Dear Marshall and Friends of the Forum..Homer Powley was a fine Christian Gentleman, that was light years ahead of his peers. I was fortunate to know him and have him share with me "some" of his work. Over the years he established methods for the various conpany ballistic people to test and develop their products. I used his methods in developing the 7.62x47mm International, which is used in Europe as a target round. The purpose of his "Computer for Handloaders" was to give to the advanced handloader a method to develop his own loads and understand better basic relationships of..CWR(powder charge weight to bullet weight), SD(sectional density of the bullet) and ER (expansion ratio-the number of times the volume of the cartridge case in gas can expand in a specific length barrel). He set up his computer for a 44,000\45,000 psi level and them explained how to take that psi up to SAMMI specs for the carteidge. He selected the 44,000/45,000 psi in order to cover the strength of most actions (ex..The Swedish 96 and the stronger lever guns).
In my first post..I stated that the IMR powders produce the same pressure per grain, BUT AT A DIFFERENT BURNING RATE! This burning rate is most important in overcoming the inertia of the bullet...the heavier the bullet the slower the burning rates must be. Unlike other powder factories, DuPont built into their powders these rates. An example of this would be the following.....30-06-58 grs IMR 4350-165 gr [email protected]'/"...For the same pressure and velocity..105% of IMR 4831 @ 61 grs, for "d"(nonexist for sale) 95% @ 55 grs and IMR 3031 @ 52 grs. So we see the 5% change in burning rates/pressure/powder weights.
So...The concept that a full case of some kind of powder/proper burning rate for the sectional density of the bullet is ideal.
The chart shows, in graphics, what the computer does to pick a powder for a known bullet weight and caliber to give 100% loading density in the hull...but that's not all the COMPUTER does..By knowing your caliber/weight (SD) and the length of barrel/caliber by volume(expansion ratio)-the computer will calculate the velocity within 5% ( due the variations in barrel, etc.)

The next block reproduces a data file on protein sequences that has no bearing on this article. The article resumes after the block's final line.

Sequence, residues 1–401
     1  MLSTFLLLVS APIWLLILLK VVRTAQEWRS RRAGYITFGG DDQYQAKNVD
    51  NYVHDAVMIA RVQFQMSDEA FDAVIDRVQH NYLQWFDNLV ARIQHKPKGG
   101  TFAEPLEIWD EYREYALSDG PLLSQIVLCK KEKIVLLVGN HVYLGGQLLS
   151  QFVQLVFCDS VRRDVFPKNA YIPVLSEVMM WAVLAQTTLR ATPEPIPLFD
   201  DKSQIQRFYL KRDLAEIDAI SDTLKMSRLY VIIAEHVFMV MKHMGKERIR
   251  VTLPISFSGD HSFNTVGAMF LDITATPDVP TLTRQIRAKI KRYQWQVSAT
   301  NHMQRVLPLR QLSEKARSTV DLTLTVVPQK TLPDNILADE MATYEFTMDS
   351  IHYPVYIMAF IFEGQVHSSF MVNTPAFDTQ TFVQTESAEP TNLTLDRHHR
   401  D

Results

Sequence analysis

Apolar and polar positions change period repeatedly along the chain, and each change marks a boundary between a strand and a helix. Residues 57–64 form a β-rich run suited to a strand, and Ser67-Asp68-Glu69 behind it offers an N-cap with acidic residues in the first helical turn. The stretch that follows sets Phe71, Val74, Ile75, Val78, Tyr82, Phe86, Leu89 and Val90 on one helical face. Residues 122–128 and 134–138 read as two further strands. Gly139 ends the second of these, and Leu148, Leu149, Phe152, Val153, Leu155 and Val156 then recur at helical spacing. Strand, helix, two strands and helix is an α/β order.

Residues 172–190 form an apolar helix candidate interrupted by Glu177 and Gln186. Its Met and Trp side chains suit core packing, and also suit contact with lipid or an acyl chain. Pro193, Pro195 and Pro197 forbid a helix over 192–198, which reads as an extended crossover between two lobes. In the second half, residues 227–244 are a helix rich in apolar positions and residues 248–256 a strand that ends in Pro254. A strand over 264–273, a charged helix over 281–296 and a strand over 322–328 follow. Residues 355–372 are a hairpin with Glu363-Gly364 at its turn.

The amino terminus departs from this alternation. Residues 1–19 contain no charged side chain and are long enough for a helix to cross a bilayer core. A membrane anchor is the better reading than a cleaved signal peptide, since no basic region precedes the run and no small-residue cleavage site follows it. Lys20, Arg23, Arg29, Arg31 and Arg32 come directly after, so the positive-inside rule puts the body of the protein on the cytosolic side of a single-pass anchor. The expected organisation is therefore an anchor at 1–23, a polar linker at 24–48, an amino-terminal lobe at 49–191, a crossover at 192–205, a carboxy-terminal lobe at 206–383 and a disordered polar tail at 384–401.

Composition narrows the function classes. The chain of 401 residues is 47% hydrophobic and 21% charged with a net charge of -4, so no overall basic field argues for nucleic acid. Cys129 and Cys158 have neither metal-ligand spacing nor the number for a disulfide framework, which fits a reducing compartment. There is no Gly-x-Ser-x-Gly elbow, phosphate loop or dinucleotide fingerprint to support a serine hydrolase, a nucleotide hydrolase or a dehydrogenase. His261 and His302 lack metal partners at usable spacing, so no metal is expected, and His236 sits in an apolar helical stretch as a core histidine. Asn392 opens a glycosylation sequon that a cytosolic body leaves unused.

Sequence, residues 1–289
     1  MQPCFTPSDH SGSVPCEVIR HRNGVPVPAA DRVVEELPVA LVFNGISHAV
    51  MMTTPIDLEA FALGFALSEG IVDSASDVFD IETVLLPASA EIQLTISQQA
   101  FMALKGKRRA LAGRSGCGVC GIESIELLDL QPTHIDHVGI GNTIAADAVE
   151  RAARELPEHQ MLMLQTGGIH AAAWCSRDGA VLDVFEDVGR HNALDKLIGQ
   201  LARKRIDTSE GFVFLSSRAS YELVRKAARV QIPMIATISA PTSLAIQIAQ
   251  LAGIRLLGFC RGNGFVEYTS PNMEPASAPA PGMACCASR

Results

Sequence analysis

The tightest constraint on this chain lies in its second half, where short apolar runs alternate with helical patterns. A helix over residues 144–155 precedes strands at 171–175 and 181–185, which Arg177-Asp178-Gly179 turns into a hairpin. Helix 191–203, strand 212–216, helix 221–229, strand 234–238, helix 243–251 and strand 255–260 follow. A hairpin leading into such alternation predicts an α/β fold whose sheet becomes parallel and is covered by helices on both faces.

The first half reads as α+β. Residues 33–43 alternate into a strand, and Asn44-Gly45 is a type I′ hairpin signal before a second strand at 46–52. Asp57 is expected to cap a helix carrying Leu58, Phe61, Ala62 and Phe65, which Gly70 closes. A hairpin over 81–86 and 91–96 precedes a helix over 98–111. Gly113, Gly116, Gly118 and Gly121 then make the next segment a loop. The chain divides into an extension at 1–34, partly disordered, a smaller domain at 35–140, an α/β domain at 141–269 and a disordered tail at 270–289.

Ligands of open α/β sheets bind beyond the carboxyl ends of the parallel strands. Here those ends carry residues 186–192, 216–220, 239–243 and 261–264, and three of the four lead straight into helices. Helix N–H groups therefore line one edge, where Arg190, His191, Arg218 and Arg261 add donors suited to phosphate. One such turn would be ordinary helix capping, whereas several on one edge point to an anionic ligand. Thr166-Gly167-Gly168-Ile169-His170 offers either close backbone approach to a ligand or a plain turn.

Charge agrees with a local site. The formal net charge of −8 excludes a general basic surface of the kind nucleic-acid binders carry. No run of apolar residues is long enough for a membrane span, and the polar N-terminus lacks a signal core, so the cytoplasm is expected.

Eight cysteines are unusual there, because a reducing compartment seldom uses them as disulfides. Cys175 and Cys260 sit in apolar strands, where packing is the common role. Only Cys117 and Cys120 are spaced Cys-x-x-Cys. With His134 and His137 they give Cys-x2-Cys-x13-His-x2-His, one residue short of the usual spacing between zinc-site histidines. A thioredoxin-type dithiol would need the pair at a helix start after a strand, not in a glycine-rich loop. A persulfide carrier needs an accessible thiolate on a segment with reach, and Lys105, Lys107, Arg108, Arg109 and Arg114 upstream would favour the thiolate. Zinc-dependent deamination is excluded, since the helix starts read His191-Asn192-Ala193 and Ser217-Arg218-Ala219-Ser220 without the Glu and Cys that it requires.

Another factor...To calculate the powder needed for a reduced velocity with a known bullet caliber/weight, it will pick the powder and weight...ex- I want to push Marshall's 173 gr 30 cal. bullet at 2200'/".. Knowing the ER of my 22" barrel and the SD of the bullet.I feed it in and get 36 grs of IMR 4064. To build up my bulk(in grains of powder) I multiply by 115% and get 41 grs of IMR 4350 or (105% of IMR 4350)44 grs of IMR 4831.
Play with the chart awhile and maybe buy his computer...It looks kinda like a sliderule. Any direct questions at [email protected]
Best Regards from the Hammock.....James
 
 

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James,

This is an old thread but seemed like a good place to ask the question.
While discussing the Powlry Computer with a friend I asked myself: "When did powder burn rate charts appea?"

Looking around I do not see powder burn rate charts in pre-WW II magazines or even in the late 1950's.
The first actual chart I came come up with is the ladder chart in Ribert Hutton's article for the 3rd Edition of the Handlaoders Digest. The article is Boom! Bang! Crack! and is about the Powley Computer for Handloaders, powder selction and an overview of available powders and a discussion of the new powders handloaders hoped to see introduced.

Propellent powders were described and discussed very differently in the 1940's through the '60's than they are today.
I figured that you or Nick would have an idea of when the powder burn rate charts began to appear.